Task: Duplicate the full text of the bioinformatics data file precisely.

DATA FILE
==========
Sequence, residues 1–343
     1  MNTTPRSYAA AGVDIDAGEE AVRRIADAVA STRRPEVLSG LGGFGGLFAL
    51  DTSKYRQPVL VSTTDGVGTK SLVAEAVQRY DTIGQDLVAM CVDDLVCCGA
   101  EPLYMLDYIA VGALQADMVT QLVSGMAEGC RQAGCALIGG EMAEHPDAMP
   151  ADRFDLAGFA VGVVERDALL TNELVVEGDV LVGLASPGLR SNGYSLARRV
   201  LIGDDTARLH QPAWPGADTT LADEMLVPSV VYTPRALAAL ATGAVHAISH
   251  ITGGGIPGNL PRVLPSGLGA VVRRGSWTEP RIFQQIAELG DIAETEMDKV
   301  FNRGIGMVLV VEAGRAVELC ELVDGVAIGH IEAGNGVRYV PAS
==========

Sequence, residues 1–343
     1  MNTTPRSYAA AGVDIDAGEE AVRRIADAVA STRRPEVLSG LGGFGGLFAL
    51  DTSKYRQPVL VSTTDGVGTK SLVAEAVQRY DTIGQDLVAM CVDDLVCCGA
   101  EPLYMLDYIA VGALQADMVT QLVSGMAEGC RQAGCALIGG EMAEHPDAMP
   151  ADRFDLAGFA VGVVERDALL TNELVVEGDV LVGLASPGLR SNGYSLARRV
   201  LIGDDTARLH QPAWPGADTT LADEMLVPSV VYTPRALAAL ATGAVHAISH
   251  ITGGGIPGNL PRVLPSGLGA VVRRGSWTEP RIFQQIAELG DIAETEMDKV
   301  FNRGIGMVLV VEAGRAVELC ELVDGVAIGH IEAGNGVRYV PAS